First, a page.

June 30, 2004

Would we tell France to keep their Statue of Liberty?

So asks a letter writer to a newspaper in Jersey City, where there are second thoughts about a plan to install a 10-story tall sculpture on a pier across the river from the World Trade Center site. The sculpture is pictured, in model form, posing with its artist, the Russian Zurab Tsereteli, on the front page of today's NYT. It is a horrendous bronze twin-tower-shape with a large jagged hole through the center and a maudlin, shiny, metal teardrop hanging inside that hole. Like the Statue of Liberty, it is a gift.

I wrote yesterday about the problem of imposing public art on people, and this teardrop monstrosity is surely an imposition, purporting to represent the grief of the city in the form of one artist's egotistic self-expression/self-promotion. People in Manhattan will have to look at it forever. It's not an artwork that seeks to "challenge" viewers the way "Tilted Arc" and "Tumbling Woman" did. Challenging the viewer is a standard high-art goal, which can be a problem in the case of public art (my point yesterday). The horrid teardrop WTC sculpture has a different problem: it's ugly and idiotic. With NYC and the rest of the world now alerted about the monstrosity thanks to the NYT, I presume Jersey City will come to its senses and reject the gift. It will not garner support for the sort of people who defended "Tilted Arc" and "Tumbling Woman," people who favor the placement of challenging art in public places. High art fans are sure to hate this thing, and high art fans are quite likely to see and respond to the front-page NYT story.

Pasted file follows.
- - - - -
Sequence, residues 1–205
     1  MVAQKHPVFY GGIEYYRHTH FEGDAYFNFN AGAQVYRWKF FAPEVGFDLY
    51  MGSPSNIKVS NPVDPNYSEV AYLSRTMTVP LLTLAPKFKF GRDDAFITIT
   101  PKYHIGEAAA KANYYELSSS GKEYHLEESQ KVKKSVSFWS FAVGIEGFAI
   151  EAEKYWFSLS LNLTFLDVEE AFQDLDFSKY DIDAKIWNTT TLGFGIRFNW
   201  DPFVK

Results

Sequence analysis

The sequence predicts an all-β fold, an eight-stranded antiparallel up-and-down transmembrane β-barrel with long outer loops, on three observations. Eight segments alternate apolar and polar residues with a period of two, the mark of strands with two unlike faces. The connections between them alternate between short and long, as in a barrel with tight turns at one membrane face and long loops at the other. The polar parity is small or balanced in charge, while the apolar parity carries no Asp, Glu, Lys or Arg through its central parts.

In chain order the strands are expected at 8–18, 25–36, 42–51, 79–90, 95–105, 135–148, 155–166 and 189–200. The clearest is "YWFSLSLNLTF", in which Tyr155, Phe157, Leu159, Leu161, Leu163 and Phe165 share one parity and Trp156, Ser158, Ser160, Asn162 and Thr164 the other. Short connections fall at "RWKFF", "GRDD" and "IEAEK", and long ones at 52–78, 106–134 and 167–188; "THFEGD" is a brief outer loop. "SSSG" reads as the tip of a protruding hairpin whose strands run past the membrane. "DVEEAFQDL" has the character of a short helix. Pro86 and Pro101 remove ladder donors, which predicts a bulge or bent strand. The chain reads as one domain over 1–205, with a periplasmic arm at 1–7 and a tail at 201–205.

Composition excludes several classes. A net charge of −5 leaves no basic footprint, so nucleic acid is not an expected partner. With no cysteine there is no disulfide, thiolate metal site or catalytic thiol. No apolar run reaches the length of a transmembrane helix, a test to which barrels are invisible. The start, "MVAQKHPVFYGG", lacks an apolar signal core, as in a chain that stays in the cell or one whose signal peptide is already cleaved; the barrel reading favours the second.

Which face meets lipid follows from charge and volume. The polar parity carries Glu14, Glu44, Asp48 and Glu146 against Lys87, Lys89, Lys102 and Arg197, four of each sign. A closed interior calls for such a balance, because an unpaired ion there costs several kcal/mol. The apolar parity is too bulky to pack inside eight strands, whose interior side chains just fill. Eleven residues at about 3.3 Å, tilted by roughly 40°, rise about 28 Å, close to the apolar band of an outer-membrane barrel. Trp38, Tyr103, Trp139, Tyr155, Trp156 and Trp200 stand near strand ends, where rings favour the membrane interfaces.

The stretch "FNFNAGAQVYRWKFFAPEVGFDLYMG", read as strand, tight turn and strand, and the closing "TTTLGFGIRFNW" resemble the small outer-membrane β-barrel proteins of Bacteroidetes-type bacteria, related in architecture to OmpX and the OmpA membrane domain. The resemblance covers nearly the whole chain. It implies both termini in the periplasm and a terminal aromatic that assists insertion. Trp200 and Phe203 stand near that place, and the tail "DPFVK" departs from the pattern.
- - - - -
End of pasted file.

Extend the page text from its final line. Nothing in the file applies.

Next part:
But that letter writer raises an interesting point. If Americans had reacted to art they way they do now back in 1886 when France offered us the Statue of Liberty, would we have accepted it? We're so used to the colossus in the harbor that it takes some effort to imagine seeing it for the first time and thinking about whether it is a good idea to undertake the work of building the pedestal and maintaining the site and to force people to look at the thing forever. I think there would be plenty of ridicule: the arrogant sculptor with his self-aggrandizing, oversized hulk of metal, the sentimental and pedestrian attempt to portray an abstraction in the form of a woman holding up a light, the ridiculous spikes on the head, anything we don't like about France, etc. I think the opponents of the Statue of Liberty could easily win if it were in dispute today.

Nevertheless, I dearly hope Jersey City rejects the Russian artist's gift. It needs to shed the teardrop.

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